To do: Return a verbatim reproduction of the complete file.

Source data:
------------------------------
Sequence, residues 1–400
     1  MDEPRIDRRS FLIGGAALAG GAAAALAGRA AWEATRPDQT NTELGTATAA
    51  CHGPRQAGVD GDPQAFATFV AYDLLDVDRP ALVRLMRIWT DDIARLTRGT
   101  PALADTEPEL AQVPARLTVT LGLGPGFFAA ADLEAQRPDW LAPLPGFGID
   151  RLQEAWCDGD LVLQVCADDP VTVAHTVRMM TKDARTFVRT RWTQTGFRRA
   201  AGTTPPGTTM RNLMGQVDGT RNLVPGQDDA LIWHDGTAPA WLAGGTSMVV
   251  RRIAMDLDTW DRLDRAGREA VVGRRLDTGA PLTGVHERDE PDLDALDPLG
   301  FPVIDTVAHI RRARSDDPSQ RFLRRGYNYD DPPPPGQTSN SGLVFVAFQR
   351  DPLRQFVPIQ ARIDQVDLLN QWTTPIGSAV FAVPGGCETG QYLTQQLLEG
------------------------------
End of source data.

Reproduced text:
Sequence, residues 1–400
     1  MDEPRIDRRS FLIGGAALAG GAAAALAGRA AWEATRPDQT NTELGTATAA
    51  CHGPRQAGVD GDPQAFATFV AYDLLDVDRP ALVRLMRIWT DDIARLTRGT
   101  PALADTEPEL AQVPARLTVT LGLGPGFFAA ADLEAQRPDW LAPLPGFGID
   151  RLQEAWCDGD LVLQVCADDP VTVAHTVRMM TKDARTFVRT RWTQTGFRRA
   201  AGTTPPGTTM RNLMGQVDGT RNLVPGQDDA LIWHDGTAPA WLAGGTSMVV
   251  RRIAMDLDTW DRLDRAGREA VVGRRLDTGA PLTGVHERDE PDLDALDPLG
   301  FPVIDTVAHI RRARSDDPSQ RFLRRGYNYD DPPPPGQTSN SGLVFVAFQR
   351  DPLRQFVPIQ ARIDQVDLLN QWTTPIGSAV FAVPGGCETG QYLTQQLLEG